Well here I am on Monday the 14th of May struggling to think of what to write about and all of a sudden I hear an old song on YouTube that I had forgotten about.
Cool, that’s a bit different
Only this time it was covered by someone else. It’s a great version and I love it, a real blast from the past. I particularly like the changed wailing synth bit at the end, new bass line, and new lean production that makes it even more minimalist than the original and that’s hard to do well.
That brought back memories
I always loved the wailing synth bit. I really loved playing it because of the sweeping crescendo. Steve played the lead oboe synth, can’t remember the name of the synth, big flat thing it was. We recorded this in the Summer of 1983 in a little studio deep in the Cornish countryside close to the Goonhilly Earth Station.
We all took turns in the studio and knew each others parts just as we did in rehearsals. All apart from the singing of course, that was always Frankie, except for some backing vocals, clapping and a little sneezing.
We wanted to make it
We all knew we were making something a bit different. I remember the likes of Tangerine Dream, Devo, Gary Numan, Depeche Mode & Ultravox all playing their part in our history and influences.
This song was a few years old and had been recorded several times over in the home studio to make demo tapes. We never received any attention back from all the record studios & A/R departments. So eventually we got it recorded & pressed in mid 83 when we could afford it.
We tried to make an impression
We thought had got this done just in time because that year there was a lot of songs that came out in a similar style. Of course they where way ahead in terms of production and commercialism. Maybe being naive, but we thought we were bang on current style at that time, only more raw, like punk electro. It was a bit of a nod to our punk roots, new romantics still ringing in all our heads.
We made about 500 in the hope to promote ourselves better than demo tapes. Plus sell them locally, at gigs, to get more equipment, and to be seen as current.
It soon fizzled out for me
That was 35 years ago. I never expected to hear our songs again. Personally I gave up the music about 5 years later and went into computing, telecoms, and then IT. Steve and Frankie however both kept the dream alive and still gig today.
I guess I sold out and gave up the music dream. For me it just wasn’t happening, I wanted a life from whatever I did. I don’t think making music was my forte, and think I only got into music because of the technology and tech.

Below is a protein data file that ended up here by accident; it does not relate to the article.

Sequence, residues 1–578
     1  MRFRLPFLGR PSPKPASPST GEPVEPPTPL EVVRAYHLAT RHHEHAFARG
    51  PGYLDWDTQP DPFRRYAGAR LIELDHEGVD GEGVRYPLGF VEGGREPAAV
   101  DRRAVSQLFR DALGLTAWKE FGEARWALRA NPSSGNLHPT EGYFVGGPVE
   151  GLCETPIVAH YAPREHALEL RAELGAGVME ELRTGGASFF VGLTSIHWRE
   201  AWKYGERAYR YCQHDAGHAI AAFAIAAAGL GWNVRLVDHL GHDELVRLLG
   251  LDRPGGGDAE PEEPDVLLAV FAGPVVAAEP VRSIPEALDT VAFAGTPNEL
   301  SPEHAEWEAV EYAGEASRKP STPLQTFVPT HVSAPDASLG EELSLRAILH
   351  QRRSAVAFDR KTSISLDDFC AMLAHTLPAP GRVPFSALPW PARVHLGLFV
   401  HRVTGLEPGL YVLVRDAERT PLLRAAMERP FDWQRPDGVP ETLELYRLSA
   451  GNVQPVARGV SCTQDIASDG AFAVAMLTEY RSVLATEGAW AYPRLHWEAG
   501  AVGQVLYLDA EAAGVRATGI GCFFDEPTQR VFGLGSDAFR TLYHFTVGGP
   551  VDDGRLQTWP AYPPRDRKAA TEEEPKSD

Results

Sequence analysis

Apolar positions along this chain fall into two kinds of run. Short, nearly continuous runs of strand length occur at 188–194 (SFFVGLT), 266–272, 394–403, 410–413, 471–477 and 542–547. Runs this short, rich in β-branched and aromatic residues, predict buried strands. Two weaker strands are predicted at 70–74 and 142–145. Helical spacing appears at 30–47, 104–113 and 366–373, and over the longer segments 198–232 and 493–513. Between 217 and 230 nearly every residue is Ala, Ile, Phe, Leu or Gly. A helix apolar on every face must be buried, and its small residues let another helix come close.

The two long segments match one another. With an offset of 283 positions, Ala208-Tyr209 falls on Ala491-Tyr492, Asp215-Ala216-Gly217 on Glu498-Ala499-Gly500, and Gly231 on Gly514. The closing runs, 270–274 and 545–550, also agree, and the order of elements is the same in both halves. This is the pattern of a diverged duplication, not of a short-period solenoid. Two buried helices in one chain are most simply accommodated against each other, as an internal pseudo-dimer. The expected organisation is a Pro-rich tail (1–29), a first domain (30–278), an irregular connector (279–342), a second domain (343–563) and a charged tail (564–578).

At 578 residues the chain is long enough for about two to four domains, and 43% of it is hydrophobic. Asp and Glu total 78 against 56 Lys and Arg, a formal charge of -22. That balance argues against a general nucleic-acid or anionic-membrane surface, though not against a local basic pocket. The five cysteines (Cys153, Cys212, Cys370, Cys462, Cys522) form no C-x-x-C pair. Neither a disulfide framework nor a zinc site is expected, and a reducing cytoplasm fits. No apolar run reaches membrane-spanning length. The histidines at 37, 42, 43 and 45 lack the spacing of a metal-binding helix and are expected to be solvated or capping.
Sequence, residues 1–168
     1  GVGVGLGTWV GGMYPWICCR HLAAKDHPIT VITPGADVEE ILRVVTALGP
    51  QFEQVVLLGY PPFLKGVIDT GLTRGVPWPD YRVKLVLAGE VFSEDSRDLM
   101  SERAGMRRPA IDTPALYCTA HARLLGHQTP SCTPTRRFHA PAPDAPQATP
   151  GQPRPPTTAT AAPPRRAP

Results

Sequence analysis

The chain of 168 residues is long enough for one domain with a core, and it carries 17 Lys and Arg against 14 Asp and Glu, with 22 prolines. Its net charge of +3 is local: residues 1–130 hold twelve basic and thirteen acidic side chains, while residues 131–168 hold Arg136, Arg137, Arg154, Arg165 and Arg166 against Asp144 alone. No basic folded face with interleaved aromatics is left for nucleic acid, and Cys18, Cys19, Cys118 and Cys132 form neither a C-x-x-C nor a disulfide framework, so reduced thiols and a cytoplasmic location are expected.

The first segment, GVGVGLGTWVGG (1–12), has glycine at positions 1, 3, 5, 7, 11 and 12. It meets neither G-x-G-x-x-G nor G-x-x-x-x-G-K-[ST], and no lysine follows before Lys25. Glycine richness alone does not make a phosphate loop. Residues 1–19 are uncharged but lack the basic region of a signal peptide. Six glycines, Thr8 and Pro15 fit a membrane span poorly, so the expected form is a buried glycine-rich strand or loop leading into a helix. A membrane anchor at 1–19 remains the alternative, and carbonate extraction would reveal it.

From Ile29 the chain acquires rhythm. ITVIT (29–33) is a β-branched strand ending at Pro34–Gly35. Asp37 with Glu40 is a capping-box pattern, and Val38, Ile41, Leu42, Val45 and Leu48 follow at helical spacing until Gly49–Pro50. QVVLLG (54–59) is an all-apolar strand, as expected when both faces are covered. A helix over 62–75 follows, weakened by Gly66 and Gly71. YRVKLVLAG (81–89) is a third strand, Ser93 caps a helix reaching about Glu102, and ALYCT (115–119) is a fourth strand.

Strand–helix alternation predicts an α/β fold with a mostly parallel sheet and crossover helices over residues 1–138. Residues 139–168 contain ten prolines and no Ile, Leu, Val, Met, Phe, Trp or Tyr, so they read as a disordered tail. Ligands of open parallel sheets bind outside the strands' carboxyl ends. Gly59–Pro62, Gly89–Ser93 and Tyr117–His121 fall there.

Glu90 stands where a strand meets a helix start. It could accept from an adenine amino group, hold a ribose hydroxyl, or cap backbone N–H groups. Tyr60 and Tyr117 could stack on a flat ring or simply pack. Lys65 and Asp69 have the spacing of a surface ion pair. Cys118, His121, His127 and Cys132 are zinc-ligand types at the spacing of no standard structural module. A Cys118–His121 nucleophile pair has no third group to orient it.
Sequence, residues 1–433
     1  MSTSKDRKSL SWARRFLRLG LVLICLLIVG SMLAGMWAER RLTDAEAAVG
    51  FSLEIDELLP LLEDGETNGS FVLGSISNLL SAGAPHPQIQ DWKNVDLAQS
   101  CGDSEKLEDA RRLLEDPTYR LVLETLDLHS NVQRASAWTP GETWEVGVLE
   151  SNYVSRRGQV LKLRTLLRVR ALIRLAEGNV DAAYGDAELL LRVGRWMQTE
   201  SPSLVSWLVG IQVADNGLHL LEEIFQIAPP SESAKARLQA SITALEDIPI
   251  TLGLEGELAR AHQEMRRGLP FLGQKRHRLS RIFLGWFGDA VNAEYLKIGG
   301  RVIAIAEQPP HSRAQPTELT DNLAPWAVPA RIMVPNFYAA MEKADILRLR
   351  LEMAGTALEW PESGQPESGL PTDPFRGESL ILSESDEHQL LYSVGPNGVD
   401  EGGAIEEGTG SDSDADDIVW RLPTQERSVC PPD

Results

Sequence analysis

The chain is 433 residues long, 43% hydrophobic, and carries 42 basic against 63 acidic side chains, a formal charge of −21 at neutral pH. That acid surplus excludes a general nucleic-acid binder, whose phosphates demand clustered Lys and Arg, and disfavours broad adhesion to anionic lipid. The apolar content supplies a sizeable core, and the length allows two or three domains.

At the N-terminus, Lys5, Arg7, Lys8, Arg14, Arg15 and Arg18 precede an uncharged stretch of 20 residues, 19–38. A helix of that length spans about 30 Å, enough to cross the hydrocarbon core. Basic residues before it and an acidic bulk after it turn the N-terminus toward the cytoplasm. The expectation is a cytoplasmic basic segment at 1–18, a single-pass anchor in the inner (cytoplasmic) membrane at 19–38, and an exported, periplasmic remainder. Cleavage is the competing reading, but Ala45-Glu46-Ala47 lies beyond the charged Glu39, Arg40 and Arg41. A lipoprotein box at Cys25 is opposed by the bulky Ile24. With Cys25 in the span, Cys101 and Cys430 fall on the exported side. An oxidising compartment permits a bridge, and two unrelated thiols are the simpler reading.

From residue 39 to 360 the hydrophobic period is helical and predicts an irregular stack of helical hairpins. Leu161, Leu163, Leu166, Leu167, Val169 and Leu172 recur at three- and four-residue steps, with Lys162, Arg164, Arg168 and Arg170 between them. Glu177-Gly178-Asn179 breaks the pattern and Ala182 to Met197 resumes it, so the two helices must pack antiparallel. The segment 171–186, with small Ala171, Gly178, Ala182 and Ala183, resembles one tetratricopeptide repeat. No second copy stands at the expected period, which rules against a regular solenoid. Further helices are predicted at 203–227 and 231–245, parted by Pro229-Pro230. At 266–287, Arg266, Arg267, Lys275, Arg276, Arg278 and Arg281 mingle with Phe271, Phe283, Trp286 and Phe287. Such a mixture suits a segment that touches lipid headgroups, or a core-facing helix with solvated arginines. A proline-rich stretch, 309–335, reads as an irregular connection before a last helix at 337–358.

I was always the techie, the sound mixer, the recording engineer, the gadget man. I was not really the musician, yes I could do bad versions of electro-pop music way before SAW studios had started. But that was just me having a laugh in between trying to be serious.
A blast from the past
Hearing this definitely brought back all the memories – no pun intended – of the great times that I had whilst being in the band trying to make a career for myself.
But discovering this on YouTube, a fantastic alternative version, by someone else, 35 years later…
WOW… That’s priceless.
I used to cover bands. Never ever dreamt someone else would like something we did so long ago. Turns out, I’m a proto-electro musician according to some of the comments on one of the posts for this record, can’t remember if it was on Discogs, YouTube or on one of the other labels that had decided to re-release this a few years ago for DJ’s.
I’m a what?
I had to Google what proto-electro meant.
Proto means original, as in first, I like that.
Oh, it also means primitive, haha ha. Well I will take that too.
I find it strange to think that because we were at the start of the electro-music scene that we are now part of it all when looking back.
That’s another wow, because I never thought of it like that.
At the time we were just one of thousands of small bands all trying to get a break. We were in a great place, with the likes of Queen and others emerging from Cornwall. Our original drummer was taught by Roger Taylor’s brother. I guess that inspired us too.
I’ve always liked the minimalist tag
We liked what we were doing. At the time it was minimalist in style whilst the mainstream was getting more heavy production wise and also more commercial. Looking back, yes that really was raw. I guess we we’re also giving a nod to the very early electronic music from the late 70’s, so we wanted it raw.
The minimalism really sticks out when listening to the original.
35 years on, if that’s my only public legacy of leaving something, then I can’t think of anything better that sums up my efforts better, other than being a dad of course.
So yep, I quite like the tag of proto-electro musician, even if that does also mean primitive. I can live with that.
I love the rework
To hear this has been covered by someone else that also makes music, 35 years after we made it, well that’s just priceless. So if anyone is thinking of giving up music because it’s just not working out, then take a tip from me. Do what feels right, always. Because when it comes to art and music, someone somewhere may like what you’re doing, so don’t give up totally like I did.
Have a good listen to how Night Caller has covered the original – I really love it – they make it even more minimalist. The production is also more on-trend than ours was at the time. Perfect for DJ’s to add to a set.
I hope he has great success and a great future with music. You can find Night Caller on YouTube by following their cover version below.